Who cares about performance management?
It's the Most Wonderful Time of the Year... I'm not talking about the holidays season which lies behind us, but the peak time of the performance management cycle.
I guess you just had or will have your goal setting, review or at least a check-in within the coming weeks. And you might think while rolling your eyes:
"Pffff... again! Who cares about performance management?!"
That traditional performance management with the annual goal setting and a mid-year check-in moment doesn't help to boost performance has been proven in many studies. That the classical performance management system is designed in a way that it tends to activate areas in our brain putting us in a fight-flight-freeze mode, doesn't help neither. And why companies are actually doing it? Is it more a control mechanism back from the industrial age or really a mean for personal and professional development? There are endless discussions around not linking it to monetary rewards, changing the sequencing or just throwing it out of the window.
It doesn't actually matter in which situation you are in at your organization and if you are frustrated or don't care about performance management at all. If you do it only to check the box, you miss a big chance!
You should care about performance management to take the chance to:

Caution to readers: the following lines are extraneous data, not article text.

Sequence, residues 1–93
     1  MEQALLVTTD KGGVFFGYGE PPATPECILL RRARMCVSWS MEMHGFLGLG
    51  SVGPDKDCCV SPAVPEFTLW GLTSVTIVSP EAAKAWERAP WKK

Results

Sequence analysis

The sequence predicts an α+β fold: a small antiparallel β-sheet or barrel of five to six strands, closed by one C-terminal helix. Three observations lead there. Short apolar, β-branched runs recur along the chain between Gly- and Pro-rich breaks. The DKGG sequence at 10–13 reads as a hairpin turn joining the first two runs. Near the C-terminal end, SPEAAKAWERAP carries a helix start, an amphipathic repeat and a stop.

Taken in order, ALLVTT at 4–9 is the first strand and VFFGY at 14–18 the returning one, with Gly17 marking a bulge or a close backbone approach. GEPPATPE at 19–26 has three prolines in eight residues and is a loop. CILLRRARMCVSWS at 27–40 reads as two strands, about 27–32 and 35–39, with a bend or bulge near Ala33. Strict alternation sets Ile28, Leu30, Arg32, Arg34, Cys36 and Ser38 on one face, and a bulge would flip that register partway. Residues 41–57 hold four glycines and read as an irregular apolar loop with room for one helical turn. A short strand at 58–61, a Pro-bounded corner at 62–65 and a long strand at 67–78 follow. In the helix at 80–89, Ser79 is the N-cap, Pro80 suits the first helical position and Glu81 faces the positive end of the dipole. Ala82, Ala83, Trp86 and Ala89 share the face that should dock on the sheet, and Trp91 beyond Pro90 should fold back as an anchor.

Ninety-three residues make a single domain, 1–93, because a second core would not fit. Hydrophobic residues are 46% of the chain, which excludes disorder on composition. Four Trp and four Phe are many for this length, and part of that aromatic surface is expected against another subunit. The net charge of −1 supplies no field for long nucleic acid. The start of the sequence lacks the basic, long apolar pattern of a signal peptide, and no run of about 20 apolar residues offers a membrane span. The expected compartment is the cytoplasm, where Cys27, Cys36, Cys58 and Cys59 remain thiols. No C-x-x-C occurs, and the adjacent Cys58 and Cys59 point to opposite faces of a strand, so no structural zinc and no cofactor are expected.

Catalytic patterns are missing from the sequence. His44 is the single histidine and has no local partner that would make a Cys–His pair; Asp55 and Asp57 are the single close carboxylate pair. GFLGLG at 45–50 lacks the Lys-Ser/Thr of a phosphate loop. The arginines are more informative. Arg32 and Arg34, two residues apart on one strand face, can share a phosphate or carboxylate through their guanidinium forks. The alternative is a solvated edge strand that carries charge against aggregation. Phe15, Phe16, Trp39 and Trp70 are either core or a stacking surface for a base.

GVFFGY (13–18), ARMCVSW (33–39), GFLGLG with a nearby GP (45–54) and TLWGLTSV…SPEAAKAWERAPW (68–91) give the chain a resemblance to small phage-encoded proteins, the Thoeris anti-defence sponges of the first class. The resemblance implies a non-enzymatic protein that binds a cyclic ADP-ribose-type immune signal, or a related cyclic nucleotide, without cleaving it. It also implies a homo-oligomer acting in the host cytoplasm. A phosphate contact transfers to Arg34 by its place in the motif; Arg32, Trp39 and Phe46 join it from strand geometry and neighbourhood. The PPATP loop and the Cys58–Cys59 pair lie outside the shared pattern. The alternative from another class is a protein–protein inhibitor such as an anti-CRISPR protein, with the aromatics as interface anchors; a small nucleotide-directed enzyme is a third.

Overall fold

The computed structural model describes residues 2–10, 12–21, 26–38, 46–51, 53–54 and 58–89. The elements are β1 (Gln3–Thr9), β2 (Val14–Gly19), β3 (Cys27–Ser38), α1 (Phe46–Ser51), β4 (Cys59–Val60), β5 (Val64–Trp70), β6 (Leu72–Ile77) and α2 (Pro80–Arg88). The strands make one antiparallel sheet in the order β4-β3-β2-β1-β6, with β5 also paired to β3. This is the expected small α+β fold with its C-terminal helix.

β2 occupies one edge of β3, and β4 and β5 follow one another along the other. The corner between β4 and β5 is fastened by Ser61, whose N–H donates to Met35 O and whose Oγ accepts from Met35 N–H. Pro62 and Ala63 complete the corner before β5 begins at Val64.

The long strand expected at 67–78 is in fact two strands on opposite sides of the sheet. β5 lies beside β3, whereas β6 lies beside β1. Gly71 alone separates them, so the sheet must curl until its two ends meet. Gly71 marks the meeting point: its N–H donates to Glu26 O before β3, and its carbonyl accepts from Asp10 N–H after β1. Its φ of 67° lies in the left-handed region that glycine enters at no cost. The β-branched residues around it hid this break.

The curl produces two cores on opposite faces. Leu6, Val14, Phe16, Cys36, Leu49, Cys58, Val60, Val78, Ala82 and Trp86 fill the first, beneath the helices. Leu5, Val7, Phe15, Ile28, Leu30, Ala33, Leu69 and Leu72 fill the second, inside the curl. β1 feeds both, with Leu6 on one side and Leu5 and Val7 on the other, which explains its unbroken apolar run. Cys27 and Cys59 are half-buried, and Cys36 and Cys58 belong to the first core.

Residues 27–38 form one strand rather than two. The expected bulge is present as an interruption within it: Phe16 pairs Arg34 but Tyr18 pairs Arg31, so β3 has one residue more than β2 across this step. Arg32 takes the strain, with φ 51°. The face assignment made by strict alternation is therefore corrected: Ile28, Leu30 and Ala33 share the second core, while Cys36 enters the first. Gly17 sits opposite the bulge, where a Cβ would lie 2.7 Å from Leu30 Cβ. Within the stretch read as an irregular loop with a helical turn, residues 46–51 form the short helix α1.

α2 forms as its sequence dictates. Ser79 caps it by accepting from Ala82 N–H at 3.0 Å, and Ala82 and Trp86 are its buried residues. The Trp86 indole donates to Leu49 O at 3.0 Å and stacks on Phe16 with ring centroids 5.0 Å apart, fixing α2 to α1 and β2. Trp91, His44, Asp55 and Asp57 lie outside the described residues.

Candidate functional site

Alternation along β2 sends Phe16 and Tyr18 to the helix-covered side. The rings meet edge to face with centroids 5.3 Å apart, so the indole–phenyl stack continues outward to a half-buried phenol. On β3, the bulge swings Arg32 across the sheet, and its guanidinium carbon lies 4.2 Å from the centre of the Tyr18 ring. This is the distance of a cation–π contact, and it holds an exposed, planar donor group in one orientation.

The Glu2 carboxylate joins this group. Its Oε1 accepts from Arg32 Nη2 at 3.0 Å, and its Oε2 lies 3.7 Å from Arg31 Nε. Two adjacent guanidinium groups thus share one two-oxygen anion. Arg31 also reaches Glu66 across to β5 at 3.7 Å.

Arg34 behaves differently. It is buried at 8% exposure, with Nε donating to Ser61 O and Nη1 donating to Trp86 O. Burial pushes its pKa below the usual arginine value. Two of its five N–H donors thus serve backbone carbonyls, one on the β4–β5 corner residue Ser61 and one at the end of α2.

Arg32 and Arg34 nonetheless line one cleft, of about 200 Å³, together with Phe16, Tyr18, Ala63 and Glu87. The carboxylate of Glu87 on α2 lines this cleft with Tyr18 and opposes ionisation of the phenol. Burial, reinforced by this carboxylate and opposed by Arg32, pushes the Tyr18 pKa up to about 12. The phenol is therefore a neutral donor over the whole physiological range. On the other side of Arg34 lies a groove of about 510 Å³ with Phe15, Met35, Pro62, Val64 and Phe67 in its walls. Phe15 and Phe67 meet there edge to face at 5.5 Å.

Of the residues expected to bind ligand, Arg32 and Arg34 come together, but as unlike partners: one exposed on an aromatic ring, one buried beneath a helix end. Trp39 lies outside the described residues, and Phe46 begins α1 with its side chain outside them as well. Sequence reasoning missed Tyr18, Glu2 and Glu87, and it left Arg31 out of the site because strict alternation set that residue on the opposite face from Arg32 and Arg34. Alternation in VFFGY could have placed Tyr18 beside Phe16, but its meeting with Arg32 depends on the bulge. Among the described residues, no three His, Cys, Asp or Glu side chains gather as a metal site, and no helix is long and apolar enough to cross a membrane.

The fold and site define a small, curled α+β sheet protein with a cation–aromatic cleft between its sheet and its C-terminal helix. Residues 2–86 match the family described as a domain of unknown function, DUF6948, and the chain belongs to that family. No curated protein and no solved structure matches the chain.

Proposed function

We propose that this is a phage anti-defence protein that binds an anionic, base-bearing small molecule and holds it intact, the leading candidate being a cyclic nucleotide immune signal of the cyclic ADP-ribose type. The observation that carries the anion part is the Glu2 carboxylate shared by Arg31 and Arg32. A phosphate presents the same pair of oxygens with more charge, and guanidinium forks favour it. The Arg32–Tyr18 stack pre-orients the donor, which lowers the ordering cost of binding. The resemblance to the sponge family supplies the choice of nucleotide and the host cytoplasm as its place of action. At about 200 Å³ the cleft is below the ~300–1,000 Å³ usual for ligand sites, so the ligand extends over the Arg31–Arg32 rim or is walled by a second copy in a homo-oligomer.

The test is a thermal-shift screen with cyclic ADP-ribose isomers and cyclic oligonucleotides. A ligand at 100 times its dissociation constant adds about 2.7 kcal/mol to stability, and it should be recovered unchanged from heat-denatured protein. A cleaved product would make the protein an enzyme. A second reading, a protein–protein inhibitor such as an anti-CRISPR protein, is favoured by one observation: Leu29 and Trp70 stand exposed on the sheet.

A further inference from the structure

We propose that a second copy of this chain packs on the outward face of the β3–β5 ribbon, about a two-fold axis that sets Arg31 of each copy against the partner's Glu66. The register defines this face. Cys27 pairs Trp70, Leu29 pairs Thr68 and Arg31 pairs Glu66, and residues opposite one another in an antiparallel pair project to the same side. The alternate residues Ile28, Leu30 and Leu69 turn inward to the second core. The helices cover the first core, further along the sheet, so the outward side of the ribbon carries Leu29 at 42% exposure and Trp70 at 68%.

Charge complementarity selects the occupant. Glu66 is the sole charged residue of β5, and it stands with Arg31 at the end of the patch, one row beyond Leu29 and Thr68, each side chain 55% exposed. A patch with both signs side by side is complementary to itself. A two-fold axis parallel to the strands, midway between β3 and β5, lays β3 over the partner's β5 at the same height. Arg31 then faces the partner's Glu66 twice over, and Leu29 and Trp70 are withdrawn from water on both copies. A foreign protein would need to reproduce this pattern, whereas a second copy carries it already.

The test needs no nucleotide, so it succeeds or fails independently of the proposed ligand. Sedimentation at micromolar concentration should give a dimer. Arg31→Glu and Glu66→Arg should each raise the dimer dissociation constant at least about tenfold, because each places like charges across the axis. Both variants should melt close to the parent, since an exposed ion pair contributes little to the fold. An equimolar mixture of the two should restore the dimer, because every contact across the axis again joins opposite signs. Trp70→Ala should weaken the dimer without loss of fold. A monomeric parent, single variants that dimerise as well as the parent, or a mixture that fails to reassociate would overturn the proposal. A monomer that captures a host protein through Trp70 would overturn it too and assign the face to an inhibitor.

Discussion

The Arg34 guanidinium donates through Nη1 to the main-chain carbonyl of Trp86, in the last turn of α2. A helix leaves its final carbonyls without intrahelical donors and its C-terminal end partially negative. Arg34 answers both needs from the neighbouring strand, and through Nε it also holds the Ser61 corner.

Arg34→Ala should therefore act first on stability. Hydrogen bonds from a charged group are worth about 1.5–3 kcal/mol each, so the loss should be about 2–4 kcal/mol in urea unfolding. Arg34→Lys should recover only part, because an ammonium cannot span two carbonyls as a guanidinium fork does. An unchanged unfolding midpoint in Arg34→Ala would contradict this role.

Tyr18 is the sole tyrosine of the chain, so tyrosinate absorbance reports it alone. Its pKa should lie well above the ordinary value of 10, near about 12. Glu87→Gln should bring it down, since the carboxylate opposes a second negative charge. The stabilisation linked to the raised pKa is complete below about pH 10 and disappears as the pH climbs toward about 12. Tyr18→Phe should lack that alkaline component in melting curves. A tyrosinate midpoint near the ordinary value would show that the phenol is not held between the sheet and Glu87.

- honestly reflect about the last year: What was I proud of? What did I learn?
- ask yourself if you're happy and satisfied with what you do
- think about in which direction you want to develop and what you need
- communicate your ambitions and spread your message
You care about christmas? Then you should care about performance management, too!
Might sound weird, but for me it's like a wishlist for santa claus on which you always put on a bit too many items , knowing you can't have it all. And also knowing you only get if, if you behaved well.
So how do I do it?
First: think about how you want to grow personally and professionally on areas:
- LEARN (e.g. formal trainings)
- DO (e.g. focus on a topic, work abroad, business development)
- TRY (e.g. working conditions such as home office, workation)
- HELP (e.g. support charity work of your organization)
Second: understand how your ambitions support the business. It's a two way street. What you want, has to be line with the short and long-term business strategy. If it's not the case cross it out on your list.
Third: make yourself, your managers and coworkers accountable. If you spread your message people will ask you how it's going.
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